Belfast Telegraph

ECSC expects to treble revenue as top firms fight cyber threats

Cyber security firm ECSC is on track to more than treble revenues over the next two years as it continues to capitalise on the growing digital threat to blue-chip firms.

Chief executive Ian Mann told the Press Association that booming business will see staff numbers more than double to 200 by next year, with ECSC opening a new incident response centre in London to cope with growing demand.

"We weren't meeting demand last year, and there's a lot of demand out there. The proceeds from the initial public offering will be used to scale up and we're on track to meet our longer-term forecasts.

"We're opening an incident response centre in London that will enable us to get people on site quicker if there's an incident. At the moment, we have to shift equipment from Yorkshire," he said.

The Bradford-based firm is forecast to have pulled in £4.4 million in sales last year and is projected to see revenues swell to £15.5 million by 2019.

ECSC, which boasts clients such as Barclays, GCHQ and Holland & Barrett, listed on London's junior AIM market in December with a valuation of £15 million.

The group's services include instant response to hacking attacks, testing for threats and managing company security systems.

Several high-profile cyber incidents have hit the headlines over the past few years.

Telecoms giant TalkTalk was hit by what it described as a "significant and sustained" attack on its website in 2015.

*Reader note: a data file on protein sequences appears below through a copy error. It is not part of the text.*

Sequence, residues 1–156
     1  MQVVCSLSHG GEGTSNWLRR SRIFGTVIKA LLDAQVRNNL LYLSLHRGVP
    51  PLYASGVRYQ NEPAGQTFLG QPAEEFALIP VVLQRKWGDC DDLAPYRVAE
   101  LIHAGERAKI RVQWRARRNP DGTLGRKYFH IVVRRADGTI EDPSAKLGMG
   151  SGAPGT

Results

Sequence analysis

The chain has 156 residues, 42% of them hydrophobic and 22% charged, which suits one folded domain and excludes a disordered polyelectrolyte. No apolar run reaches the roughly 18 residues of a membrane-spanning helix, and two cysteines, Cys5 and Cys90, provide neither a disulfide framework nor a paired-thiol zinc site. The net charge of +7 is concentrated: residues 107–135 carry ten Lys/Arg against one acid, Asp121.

Across the Atlantic, internet giant Yahoo suffered a data breach in September, impacting eight million UK user accounts and 500 million accounts globally.

But Mr Mann said that many firms, including TalkTalk, have only themselves to blame.

"If you look at TalkTalk, they were stupid, they dropped the ball, they weren't managing things at all and therefore you deserve to get hacked.

"Out-of-date software that they never updated, previous attacks that they'd done nothing about, they hadn't tested their software in any way. Most people get hacked because they're doing something stupid," he added.

But the cyber chief said that the popular image of highly intelligent cyber hackers operating with sophisticated computer systems is a "myth".

"We don't think hackers do anything sophisticated, it's a myth that they do anything special."

Next year Britain will be subject to an EU-wide directive - the General Data Protection Regulation - which Mr Mann says will intensify pressure on firms to up their cyber security game.

"The new regulation coming in will see firms fined up to 4% of their turnover if data is leaked as a result of a hack and they will legally have to report breaches within 72 hours, they can't keep things inside and cover things up. This is big change in our sector."

Business lobby group the Institute of Directors warned in December that a cyber attack will topple a major company in 2017 as the threat level is ramped up.

Mr Mann said: "I'm not sure about bringing down a firm. Usually the intention of a cyber attack is not to damage anything, it's to gain access and steal data.

"The ramifications of that could bring a firm down, but this could happen any time."

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